Against All Logic – 2017-2019 – Review

Electronic music producer extraordinaire Nicolas Jaar’s new found voice under the pseudonym of Against All Logic birthed a truly incredible record back in 2018, the lively compilation-of-sorts 2012-2017. A quiet, near build-less release for the debuting moniker, it quickly did well with critics and increased the amount of eyes on the man at its centre (who was completely unlisted on the physical album itself).

An interesting project by a very interesting character, 2012-2017 wore its love of music on its sleeve, and in no way was that limited to the parameters of house. Jaar played around in the pools of funk and soul, stitching together the patchwork quilt of sonics that would come to define A.A.L as a project. I’m incredibly pleased to say that includes the moment we’ve arrived at too. Harnessing that same adoration, that same fire and ambition, is his latest release 2017-2019, boldly having a crack at producing the same result in only half the span of time used to create the aforementioned record. Let’s talk about it.

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The usual blow by blow approach is a harder task than usual with this particular release, as occasionally tracks flow into one another without interruption. However, I’ll do my best to give you accurate descriptors on the songs as they are (and I see them), and let you experience the flow of things yourself if that takes your interest.

Kicking off with sterling opener ‘Fantasy’, we find a frankly disfigured Beyonce sample leading proceedings. Everything underneath this frenetic, chopped-and-changed melody is metallic, jagged, sharp to the touch… this is the ‘establishing shot’ of the album. A more familiar beast in the catalogue is second up. ‘If Loving You Is Wrong’ manages to pull off soul-infused and swaying, whilst still definitely taking place in this cold, steel environment. The soft vocal part is a nothing more than a mask over your eyes, as you’re walked into a landscape filled to bursting with harsh, kicking rhythms.

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A wave of tribal, panicked drums pepper the beginning of third instalment ‘With An Addict’, the first example of mild overlap in the aesthetics of the pieces. Morphing into something much more relaxed (for the time being), the centrepiece here is a hook-driven delight rewarding you for your attention. Be sure to catch your breath. A real standout for me is track four, ‘If You Can’t Do It Good, Do It Hard’. A rare, unbroken pace on this track points to a fiery crescendo and you’ll get it and then some. A volcanic Lydia Lunch sample commands the latter portion, practically yelling: “If you can’t beat ’em, kill ’em/If you can’t kill ’em, fuck ’em/If you can’t fuck ’em, kill ’em/If you can’t do it good, do it hard”.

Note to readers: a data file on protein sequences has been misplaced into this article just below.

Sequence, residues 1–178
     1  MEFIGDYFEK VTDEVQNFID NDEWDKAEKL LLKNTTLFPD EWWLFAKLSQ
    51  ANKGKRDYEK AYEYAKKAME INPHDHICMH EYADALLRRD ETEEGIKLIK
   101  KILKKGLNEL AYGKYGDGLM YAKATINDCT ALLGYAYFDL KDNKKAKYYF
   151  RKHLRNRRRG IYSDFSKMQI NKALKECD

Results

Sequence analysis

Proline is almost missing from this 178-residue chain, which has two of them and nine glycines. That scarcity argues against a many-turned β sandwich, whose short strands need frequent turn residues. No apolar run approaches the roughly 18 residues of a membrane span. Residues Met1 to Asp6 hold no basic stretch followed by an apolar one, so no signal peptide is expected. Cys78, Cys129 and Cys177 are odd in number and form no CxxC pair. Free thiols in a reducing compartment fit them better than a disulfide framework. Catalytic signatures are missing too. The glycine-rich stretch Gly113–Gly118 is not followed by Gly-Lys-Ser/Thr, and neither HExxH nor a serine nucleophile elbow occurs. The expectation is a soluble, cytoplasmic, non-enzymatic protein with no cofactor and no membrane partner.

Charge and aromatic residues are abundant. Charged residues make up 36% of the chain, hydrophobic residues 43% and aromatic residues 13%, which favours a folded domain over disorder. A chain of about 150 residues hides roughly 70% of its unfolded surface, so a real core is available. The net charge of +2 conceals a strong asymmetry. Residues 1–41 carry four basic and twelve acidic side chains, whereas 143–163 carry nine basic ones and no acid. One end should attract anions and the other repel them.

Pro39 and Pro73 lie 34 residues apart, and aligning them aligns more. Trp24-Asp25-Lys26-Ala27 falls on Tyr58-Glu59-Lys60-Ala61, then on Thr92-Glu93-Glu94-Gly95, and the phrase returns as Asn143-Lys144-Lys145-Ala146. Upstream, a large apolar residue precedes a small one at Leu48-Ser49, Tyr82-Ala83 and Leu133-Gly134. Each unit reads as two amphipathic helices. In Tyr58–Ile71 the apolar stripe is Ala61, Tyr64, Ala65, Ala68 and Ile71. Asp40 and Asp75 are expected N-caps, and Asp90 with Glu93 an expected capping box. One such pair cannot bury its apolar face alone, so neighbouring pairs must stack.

‘Alarm’, at just under two minutes, is a maddening delve into chaos; cacophonous and distorted in every possible sense. This sense of impending doom won’t soon subside as we continue through ‘Deeeeeeefers’, contextually to the record, a ‘drop’ for the previous track. The bassline is low and murky, only slightly suppressing the twinges of industrial noise it’s wandered in with. Don’t mistake my saying this for the implication of comparative calm… this track is maybe the most ambitious here, whooshing and whirring and throwing all the paint in its palette up the fucking walls.

The swelling intro of ‘Faith’ serves as a small intermission, but its angelic vocal textures work along side the pinging percussion choices to ensure you don’t get too comfy just yet. Nic is keen to keep the element of surprise at hand, so red herrings and misdirection are essential parts of his particular brand of plunderphonics, if I may dare call this such a thing.

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‘Penny’ falls from orbit with that same suspicious harmoniousness, but works hard to establish itself a separate identity from its predecessor. Slightly dirtied but mostly uplifting synths proliferate the longer we go, and everything begins to tie together to create one of the most subtle moments on the record. Closer ‘You (forever)’ is as gloomy as it is glitchy, a song completely dissected with its innards still twitching. It plays like a moodboard of pieces in their own space, garbled and alone… not even trying to pretend they co-exist. It’s a logical conclusion for 2017-2019 to completely self destruct, so even though it’s not the anthemic finish I personally wanted… I get it.

With this sophomore effort, A.A.L has crafted a Pollock of influence and unconventional songwriting marksmanship that switches up on you as soon as you’re settled. A statement of well-placed, unwavering confidence and a certain joy for fans of high-production projects with a sense of reckless abandon towards the dogma of genre. The reasons for this mysterious spin-off project may still (may forever!) be unclear, but its ambitions could not be any more defined.

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